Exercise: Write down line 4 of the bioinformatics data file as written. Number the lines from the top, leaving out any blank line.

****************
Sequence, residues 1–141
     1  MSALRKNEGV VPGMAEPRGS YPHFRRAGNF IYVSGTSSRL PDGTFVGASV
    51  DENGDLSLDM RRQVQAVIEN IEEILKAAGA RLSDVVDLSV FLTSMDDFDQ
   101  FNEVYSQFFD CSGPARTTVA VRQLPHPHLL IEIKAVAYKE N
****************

   101  FNEVYSQFFD CSGPARTTVA VRQLPHPHLL IEIKAVAYKE N